Hidden beside Washington Old Hall lies an overgrown and forgotten, lonely looking graveyard. When exploring the grounds of the house I found myself repeatedly catching glimpses of this moody looking graveyard. Over walls, through gaps and just about anywhere. There it was silently waiting. Its probably largely down to my incredible ability to sniff out cemeteries everywhere I go, a morbid gift I seem to have acquired over the years.

After an enjoyable visit to the ancient family residence of George Washington (though he never actually set foot there) I eagerly rushed off to see the shady churchyard which it turned out belongs to the Holy Trinity Church next door.

The graves in closest proximity to the church were well tended, tidy, trimmed and mowed. As you moved into the darker recesses of the graveyard nature had taken over, with nettles and ivy lining the floor and trees taking over wherever they can rest their limbs. Often this is the type of graveyard I love to see the most. Nature taking back what is rightfully hers. Interacting with the stones which are all that's left to represent the people nourishing from below. The relationship between the stones and the trees certainly made for an interesting and unusual photo opportunity, which of course I grasped with both hands.

Monday, 4 March 2019

The Holy Island of Lindisfarne

The Holy Island of Lindisfarne is one of those strange, mythical places that until relatively recently I knew very little about. Of course I'd heard of the Lindisfarne Gospel (as a long time illuminated manuscript fanatic) but honestly I knew little else about this distant place.
A good friend of mine recommended visiting Holy Island and sang its praises as an amazing place to visit. Also, after watching the fantastic TV series 'Vikings' I gained a little more basic knowledge about Lindisfarne and its role in history. A few documentaries later and a bit more basic reading later and my appetite was suitably wetted.

Nothing had in actuality quite prepared me for Lindisfarne. I wasn't expecting what this incredible place had to offer or how it would make me feel. It was honestly nothing short of magical. And in reality, I cant wholly explain why.
The approach across the miles of causeway was in itself an unusual experience and felt like the beginning of an adventure. Knowing that the times of the tide are crucial and how quickly the causeway is lost to the sea there was a mixture of fear and excitement about it all.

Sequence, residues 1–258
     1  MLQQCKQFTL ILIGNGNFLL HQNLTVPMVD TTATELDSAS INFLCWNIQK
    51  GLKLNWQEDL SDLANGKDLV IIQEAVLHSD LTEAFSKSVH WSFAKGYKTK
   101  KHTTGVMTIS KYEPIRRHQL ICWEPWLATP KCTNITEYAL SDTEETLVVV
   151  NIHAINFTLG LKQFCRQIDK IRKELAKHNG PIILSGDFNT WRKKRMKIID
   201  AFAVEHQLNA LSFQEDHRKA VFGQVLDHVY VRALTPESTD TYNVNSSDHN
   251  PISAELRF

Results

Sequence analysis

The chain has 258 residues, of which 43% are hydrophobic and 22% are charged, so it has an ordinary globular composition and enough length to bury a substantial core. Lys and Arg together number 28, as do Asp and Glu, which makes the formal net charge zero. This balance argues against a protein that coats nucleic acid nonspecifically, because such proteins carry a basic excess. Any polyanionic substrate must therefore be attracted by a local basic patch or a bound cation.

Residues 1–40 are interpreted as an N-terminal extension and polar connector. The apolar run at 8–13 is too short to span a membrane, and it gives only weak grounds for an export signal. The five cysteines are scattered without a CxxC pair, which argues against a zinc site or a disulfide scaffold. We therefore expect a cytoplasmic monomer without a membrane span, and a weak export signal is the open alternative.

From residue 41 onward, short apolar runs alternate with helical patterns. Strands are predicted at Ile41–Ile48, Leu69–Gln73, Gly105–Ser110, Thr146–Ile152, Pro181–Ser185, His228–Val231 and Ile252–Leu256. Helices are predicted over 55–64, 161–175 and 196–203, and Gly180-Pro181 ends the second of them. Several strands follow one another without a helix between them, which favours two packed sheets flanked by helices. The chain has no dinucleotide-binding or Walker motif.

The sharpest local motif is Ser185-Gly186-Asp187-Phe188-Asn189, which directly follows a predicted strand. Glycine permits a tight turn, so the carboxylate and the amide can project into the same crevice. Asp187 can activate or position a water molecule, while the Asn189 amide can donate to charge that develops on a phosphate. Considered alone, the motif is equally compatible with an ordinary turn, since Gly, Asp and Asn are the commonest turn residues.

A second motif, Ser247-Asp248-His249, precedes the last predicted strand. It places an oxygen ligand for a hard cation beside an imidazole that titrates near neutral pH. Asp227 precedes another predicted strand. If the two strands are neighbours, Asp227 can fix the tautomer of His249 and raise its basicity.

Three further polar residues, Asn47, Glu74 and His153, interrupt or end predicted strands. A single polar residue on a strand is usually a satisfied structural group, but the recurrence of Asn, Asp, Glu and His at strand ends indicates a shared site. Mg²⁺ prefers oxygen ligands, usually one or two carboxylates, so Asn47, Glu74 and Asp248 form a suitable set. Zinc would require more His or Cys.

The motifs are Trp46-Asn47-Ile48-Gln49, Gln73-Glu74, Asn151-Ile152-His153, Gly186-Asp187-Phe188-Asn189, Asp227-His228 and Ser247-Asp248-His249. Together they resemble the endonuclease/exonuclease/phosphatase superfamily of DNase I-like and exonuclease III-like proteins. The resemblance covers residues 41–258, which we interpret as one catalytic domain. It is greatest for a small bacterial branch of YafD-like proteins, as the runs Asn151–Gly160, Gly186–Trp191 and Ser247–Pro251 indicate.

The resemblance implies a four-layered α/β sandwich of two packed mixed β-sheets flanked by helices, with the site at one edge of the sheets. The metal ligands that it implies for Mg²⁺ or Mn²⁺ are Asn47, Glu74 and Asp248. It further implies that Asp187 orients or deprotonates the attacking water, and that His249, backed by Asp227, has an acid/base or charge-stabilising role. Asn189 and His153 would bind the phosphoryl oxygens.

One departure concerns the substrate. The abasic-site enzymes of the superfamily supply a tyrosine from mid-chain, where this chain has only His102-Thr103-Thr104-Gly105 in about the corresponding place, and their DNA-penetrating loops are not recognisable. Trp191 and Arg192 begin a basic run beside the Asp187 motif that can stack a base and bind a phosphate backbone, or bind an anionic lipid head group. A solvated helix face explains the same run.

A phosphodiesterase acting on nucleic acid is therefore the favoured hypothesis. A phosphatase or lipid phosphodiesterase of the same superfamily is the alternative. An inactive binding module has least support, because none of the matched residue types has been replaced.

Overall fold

The landscape itself was increasingly breathtaking the further from the mainland you go. This incredible swathe of low land which looks as though it could be washed away in an instant. Sand that goes on for miles, but you know it wont be that way for long. And there it was, on a mound of land erupting from the sea, Lindisfarne Castle. Everywhere around heather and wildflowers dance in the breeze and the grass which is pale as straw seems to sway with the sea. The sandy shores seem reflected in the buttery stone of the old ruins of the Priory which the Vikings plundered centuries ago.

I can't deny that Holy Island had a special feeling. Ancient, deep rooted, celtic. At the edge of England and the farthest North I've ever travelled in the UK I felt strangely at home. This rugged coast line is not something a landlocked Nottinghamshire lass gets to see very often, and it was just perfection. 

And to top it all off, as with most great places people have lived, there was a lovely graveyard. Perched behind the Priory ruins surrounding the quaint little church sit many graves of varying age. Looking out to the sea almost surrounding it I never fail to see some beautifully poetic, hopelessly romantic aspect about being beside the sea for all eternity.
Seaside graves are always interesting. 'Lost at sea' 'Died in a great storm' 'Shipwrecked' are often some of the untimely deaths recorded, and generally stones decorated with anchors and ships pepper the cemeteries, showing the importance of the sea to these people, in life, and death.

My only regrets regarding Lindisfarne are that I did not visit this otherworldly place sooner, and that I did not get to spend more time in it on this occasion (down to the timing of the tide unfortunately). Lindisfarne was one of those rare places that before you have even left, you're planning your return. I desperately hope to make it back to Holy Island in 2019 and explore more of this breathtaking place.

For me The Holy Island of Lindisfarne felt like my own little Summerisle, only, I'm no Sergent Howie ...